Thank you to a group of precious friends who commissioned artist Like DeLatour to make this cairn for me, and had it installed in my garden for when I returned.

Thank you to a group of special friends who commissioned artist Luke DeLatour to make this beautiful cairn for me, and had it installed in my garden for when I returned. Your thoughtfulness and support means the world to me.

Wishing you all peace in your hearts, even where there may be sadness. Tomorrow is a new day.

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22 Comments

  1. susan on December 18, 2015 at 3:01 pm

    Grief fog Karen is like a shallow depth of field in your photography. The background blurs so that what’s important in the foreground remains in sharp focus. Perhaps a shallow analogy but really the mind and soul protects itself during grief and give you the strength and clarity necessary to carry on. Be kind to you and know that you are letting you focus on what’s important. What’s in focus now is the next step in front of you. Soon the entire road will be back.



    • Karen Chapman on December 18, 2015 at 3:08 pm

      That’s a really helpful analogy Susan – thank you.



  2. Patricia Mickelson on December 18, 2015 at 3:41 pm

    Hi Karen: I am so sorry to read about your mom. I lost mine over 20 years ago and I still miss her. It does get better with time but it is important to take the time you need to mourn your loss. Grief has its own time table and in the long run it is important to honor that.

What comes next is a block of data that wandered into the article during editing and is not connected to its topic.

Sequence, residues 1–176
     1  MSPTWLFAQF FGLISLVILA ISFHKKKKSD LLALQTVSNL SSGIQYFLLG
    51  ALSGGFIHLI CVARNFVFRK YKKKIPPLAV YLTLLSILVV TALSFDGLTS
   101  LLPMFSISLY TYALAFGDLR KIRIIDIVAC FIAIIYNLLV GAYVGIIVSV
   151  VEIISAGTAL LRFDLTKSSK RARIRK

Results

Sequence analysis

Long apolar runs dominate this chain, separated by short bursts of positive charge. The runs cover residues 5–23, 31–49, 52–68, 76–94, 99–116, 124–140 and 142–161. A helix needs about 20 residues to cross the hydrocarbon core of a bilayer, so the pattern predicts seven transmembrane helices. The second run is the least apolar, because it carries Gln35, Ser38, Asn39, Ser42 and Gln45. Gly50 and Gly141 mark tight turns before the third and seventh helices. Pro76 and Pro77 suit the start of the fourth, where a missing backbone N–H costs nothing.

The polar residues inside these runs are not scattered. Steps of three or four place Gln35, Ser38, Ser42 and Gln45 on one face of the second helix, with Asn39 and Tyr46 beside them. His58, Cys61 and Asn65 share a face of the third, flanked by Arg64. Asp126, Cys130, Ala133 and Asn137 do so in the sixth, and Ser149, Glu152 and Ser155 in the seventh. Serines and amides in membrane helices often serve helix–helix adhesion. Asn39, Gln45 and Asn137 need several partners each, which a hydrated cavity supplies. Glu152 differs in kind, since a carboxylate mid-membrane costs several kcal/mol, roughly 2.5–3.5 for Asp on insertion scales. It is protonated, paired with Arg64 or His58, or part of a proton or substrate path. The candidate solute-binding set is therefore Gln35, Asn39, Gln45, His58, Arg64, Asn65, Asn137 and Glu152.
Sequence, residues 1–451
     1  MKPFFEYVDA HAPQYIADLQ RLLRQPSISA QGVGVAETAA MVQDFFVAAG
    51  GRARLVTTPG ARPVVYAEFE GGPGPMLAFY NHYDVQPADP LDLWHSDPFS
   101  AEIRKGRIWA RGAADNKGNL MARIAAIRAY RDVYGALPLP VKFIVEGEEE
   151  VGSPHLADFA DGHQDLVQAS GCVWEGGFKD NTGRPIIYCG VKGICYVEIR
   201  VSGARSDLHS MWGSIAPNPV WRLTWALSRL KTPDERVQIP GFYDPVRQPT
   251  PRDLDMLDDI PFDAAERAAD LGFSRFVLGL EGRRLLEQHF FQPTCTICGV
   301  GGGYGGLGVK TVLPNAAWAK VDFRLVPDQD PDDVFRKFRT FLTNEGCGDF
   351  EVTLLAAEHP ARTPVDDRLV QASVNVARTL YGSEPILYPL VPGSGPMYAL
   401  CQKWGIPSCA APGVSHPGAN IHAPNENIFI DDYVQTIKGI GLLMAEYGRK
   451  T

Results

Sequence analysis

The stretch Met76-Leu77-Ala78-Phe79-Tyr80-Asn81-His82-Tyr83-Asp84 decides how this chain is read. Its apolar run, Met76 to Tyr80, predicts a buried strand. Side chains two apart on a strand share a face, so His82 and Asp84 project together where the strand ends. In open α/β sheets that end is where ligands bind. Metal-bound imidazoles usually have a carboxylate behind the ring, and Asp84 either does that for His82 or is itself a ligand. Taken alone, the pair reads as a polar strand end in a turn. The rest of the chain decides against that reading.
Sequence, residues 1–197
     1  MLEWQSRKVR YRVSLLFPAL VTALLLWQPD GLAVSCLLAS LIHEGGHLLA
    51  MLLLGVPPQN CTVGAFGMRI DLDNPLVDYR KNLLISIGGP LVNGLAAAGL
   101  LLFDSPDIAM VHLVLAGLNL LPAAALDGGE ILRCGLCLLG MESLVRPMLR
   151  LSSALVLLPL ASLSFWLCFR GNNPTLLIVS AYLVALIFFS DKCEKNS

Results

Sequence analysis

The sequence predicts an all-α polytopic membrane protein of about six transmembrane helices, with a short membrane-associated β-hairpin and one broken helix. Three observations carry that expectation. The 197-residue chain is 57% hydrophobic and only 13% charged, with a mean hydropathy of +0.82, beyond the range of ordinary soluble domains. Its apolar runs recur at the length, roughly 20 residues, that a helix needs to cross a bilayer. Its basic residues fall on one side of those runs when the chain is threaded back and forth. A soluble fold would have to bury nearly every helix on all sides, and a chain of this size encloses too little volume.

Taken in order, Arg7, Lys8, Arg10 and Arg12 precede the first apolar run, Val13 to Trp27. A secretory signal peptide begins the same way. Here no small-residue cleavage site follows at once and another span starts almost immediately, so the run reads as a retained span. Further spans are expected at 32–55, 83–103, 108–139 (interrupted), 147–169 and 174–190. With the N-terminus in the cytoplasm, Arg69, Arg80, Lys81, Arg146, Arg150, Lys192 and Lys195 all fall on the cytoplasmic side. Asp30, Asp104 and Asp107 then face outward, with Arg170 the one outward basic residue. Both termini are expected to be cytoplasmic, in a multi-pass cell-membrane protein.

Take care of yourself .

    Sincerely,
    Pat Mickelson



    • Karen Chapman on December 19, 2015 at 10:52 am

      Thank you so much Pat



  3. Richard on December 18, 2015 at 3:44 pm

    You owe us no apology. I lost my own Mother on February 28th of this year and I fully understand the thick fog that you are trudging through. Being that your loss has been so close to the present Holidays doesn’t make it any easier either. Spend as much time as you can with friends and family as they can help with the healing process. This fog will lift in due time. May you and yours have a Merry Christmas and a Happy New Year despite your loss.



    • Karen Chapman on December 19, 2015 at 10:53 am

      I’m so sorry to hear you have also recently lost your Mother. Thank you for the reassurance that the fog does eventually lift! Take care



  4. Sidney Paquin on December 18, 2015 at 4:43 pm

    Karen, I lost my mother 3 years ago and it still catches me by surprise at times. My thoughts are with you during your time of grief.



    • Karen Chapman on December 19, 2015 at 10:55 am

      Thank you for taking time to leave me a note Sidney and for sharing your thoughts. Hugs to you.



  5. Maria Carlos on December 19, 2015 at 11:45 am

    Please accept my condolences, Karen. The loss of mother/mom/mum is hard. I know from experience that the fog will lift, and you will adjust to the new reality of missing your mum every day. But, for now, be extra gentle with yourself, and allow yourself to grieve in your way, finding solace in your way.